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VMware vFabric Suite 5.1 Automates Java App Deployment

By providing the core application services required to build, run and manage Java Spring applications on- premise or in the cloud, the newly introduced VMware vFabric Suite 5.1 automates the deployment and management of complex applications on VMware cloud infrastructure and features in-memory distributed SQL database capabilities designed to slash database management costs. It also solidifies the company's relationship with Java developers.

vFabric's recipe for success includes cutting not only costs, but also the complexity of traditional Java platforms via a lightweight development and runtime designed for VMware cloud infrastructures. Key components include VMware's Spring development framework, the latest generation of vFabric services, and a per-VM licensing model.

"The cloud era is driving a transformation in applications," says Jerry Chen, vice president, Cloud and Application Services, VMware. "Today, most are built with open source development frameworks, deployed on lightweight application containers, run on virtual infrastructure and are data-intensive. This is driving a real transition in the type of technologies our customers are using to build, run and manage these new applications."

In recognition of the trend toward automated application deployment, the vFabric suite includes Application Director, which automates app deployment via blueprints with standardized templates, component libraries and workflows. According to Leah Schoeb, Senior Partner, EvaluatorGroup, "The Application Manager now makes it much easier for rapid provisioning and the ability to standardize deployment of Spring applications with better management."

A companion technology, vFabric Application Performance Manager, reportedly provides comprehensive monitoring of end-user transactions, Java code, middleware servers, and vSphere hosts, which allows users to proactively and quickly manage app performance, locate and solve problems, and comply with SLAs.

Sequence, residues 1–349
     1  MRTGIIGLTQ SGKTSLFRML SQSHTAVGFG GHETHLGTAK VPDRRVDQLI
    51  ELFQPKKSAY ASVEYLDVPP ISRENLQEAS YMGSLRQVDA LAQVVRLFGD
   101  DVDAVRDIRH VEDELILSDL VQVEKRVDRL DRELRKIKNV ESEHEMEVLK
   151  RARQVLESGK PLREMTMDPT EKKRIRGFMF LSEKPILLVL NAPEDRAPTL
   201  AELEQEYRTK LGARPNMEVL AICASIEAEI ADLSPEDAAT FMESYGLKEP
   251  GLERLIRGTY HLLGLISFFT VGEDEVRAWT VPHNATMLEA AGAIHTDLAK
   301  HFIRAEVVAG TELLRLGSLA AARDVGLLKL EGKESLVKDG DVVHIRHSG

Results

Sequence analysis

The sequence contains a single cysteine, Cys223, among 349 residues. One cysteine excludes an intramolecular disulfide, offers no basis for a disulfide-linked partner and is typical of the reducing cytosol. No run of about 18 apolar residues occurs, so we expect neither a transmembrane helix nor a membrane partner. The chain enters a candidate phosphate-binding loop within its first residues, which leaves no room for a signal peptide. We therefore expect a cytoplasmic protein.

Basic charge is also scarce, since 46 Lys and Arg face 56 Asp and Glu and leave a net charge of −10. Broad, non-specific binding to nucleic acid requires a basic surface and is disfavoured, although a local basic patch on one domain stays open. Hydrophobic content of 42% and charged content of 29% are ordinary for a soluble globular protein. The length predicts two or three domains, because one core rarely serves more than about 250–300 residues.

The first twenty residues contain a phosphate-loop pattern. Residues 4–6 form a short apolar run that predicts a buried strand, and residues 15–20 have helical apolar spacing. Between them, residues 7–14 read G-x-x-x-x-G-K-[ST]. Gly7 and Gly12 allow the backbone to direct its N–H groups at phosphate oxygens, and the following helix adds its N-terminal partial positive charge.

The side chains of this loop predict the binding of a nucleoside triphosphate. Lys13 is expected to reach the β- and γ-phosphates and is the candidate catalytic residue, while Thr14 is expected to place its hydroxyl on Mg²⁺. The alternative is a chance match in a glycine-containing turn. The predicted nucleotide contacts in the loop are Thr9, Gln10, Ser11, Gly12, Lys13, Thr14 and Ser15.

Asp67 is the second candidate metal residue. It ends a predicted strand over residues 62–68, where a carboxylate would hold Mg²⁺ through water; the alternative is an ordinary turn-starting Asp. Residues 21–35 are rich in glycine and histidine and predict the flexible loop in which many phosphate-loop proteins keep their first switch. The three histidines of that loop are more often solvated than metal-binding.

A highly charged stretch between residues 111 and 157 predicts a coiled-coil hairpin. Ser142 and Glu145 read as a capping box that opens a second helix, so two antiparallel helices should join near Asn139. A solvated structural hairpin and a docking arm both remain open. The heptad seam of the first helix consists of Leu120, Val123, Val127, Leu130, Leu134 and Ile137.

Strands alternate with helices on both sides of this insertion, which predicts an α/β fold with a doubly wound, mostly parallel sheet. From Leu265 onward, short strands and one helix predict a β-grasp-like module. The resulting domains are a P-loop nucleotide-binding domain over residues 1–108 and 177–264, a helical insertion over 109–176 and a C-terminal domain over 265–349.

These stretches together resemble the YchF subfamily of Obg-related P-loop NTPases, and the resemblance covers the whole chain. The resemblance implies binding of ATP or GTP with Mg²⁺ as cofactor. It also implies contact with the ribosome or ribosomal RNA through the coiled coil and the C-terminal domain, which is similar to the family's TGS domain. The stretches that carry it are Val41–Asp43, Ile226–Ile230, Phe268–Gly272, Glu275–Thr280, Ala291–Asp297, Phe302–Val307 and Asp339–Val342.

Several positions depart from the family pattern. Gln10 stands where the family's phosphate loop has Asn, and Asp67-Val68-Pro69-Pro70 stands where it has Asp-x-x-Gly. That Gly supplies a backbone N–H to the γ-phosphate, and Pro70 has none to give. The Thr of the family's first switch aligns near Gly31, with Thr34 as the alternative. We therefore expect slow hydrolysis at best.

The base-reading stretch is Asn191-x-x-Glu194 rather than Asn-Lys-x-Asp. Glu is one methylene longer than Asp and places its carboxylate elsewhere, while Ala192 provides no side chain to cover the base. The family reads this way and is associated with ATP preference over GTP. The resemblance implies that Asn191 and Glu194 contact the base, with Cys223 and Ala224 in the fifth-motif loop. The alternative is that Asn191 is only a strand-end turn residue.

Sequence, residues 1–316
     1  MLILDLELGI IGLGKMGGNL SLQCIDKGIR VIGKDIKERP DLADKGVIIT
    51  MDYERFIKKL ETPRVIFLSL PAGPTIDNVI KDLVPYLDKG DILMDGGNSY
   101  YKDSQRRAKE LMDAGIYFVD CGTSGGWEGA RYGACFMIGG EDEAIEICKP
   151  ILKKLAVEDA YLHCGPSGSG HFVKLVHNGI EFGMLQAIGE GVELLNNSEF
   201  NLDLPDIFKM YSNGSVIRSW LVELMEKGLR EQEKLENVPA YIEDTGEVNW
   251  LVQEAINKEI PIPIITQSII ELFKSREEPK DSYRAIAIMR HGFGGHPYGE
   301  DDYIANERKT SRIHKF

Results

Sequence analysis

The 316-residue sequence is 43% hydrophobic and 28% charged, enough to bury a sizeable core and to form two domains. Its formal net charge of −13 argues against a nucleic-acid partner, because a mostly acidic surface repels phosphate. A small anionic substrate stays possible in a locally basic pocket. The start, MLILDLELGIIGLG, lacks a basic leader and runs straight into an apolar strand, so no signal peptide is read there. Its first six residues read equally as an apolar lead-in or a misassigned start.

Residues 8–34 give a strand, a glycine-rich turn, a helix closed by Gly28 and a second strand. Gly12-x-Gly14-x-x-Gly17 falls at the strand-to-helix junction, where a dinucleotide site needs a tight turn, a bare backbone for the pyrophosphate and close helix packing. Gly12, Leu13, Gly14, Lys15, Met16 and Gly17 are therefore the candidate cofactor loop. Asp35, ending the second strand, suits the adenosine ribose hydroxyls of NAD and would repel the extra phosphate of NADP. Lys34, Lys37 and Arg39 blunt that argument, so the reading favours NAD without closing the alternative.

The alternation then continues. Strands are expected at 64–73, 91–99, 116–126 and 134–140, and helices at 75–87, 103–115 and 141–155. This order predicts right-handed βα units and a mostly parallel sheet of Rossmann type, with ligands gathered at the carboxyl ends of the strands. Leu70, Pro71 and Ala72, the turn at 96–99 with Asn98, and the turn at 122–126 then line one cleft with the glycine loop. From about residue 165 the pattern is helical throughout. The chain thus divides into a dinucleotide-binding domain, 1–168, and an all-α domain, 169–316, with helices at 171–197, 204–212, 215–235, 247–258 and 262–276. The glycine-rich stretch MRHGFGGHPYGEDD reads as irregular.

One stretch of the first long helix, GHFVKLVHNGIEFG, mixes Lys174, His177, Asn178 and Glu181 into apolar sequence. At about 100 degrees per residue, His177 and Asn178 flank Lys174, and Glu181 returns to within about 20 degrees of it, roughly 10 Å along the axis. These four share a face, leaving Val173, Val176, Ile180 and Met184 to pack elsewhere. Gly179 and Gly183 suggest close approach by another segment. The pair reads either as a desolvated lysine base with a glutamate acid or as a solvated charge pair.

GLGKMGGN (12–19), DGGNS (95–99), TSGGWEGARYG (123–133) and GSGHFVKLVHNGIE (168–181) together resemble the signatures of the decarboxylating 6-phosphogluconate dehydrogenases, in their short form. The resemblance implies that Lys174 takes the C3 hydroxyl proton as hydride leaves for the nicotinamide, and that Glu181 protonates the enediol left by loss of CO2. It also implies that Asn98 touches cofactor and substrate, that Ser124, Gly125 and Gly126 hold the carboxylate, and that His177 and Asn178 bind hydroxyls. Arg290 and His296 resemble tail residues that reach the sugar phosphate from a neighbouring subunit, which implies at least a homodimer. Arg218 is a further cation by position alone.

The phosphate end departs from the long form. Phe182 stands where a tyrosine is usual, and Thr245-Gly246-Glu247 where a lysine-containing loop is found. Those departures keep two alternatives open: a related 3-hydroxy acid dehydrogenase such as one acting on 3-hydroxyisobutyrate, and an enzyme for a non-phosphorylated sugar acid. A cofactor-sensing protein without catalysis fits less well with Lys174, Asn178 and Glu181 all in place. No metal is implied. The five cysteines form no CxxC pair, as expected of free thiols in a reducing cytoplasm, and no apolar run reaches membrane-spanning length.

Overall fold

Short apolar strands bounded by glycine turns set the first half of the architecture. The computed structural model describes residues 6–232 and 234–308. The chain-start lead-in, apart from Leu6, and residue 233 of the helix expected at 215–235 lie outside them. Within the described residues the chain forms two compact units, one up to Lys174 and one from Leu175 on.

The vFabric SQLFire distributed in-memory database included with vFabric enables users to create a grid of nodes inside or across data centers. This allows them to scale applications horizontally by just adding more capacity at the data tier as an application comes under load. Database performance is also enhanced because by pooling memory, CPU and network resources across machine clusters, vFabric SQLFire eliminates the primary performance bottleneck that commonly plagues databases -- access to disk.

VMware sites Southwest Airlines as a satisfied customer, quoting CTO Bob Young, who stresses the importance of customer service and the ability to provide customers with a seamless shopping, booking and travel experience. "We have a number of strategic initiatives underway at Southwest Airlines, and a core component in supporting these critical applications is ensuring an agile, flexible delivery of technology to all parts of the company. By partnering with VMware, for example, we were able to streamline the way we deliver and deploy applications across platforms, without compromising our service-centered approach."

In keeping with VMware's quest to provide open source technologies, the vFabric suite supports open source runtime components commonly deployed in production deployments featuring Spring applications, including Apache Tomcat, Apache HTTP Server and RabbitMQ messaging. VMware says this "greatly simplifies" the adoption path of vFabric technologies for current users of these open source components.

"The release of VMware vFabric Suite 5.1 is furthering VMware's mission to further integrate their product stack for easier use and more importantly, management of private and hybrid clouds," Loeb says.

VMware vFabric Suite 5.1 is expected to debut by the end of June, and will be licensed per VM with prices starting at $1,500 per VM. VMware vFabrix SQLFire is now available, and also licensed per VM with a starting price of $2,500 per VM, when it is purchased as part of VMware vFabric Suite Advanced.

Posted by Bruce Hoard on 05/18/2012 at 12:48 PM


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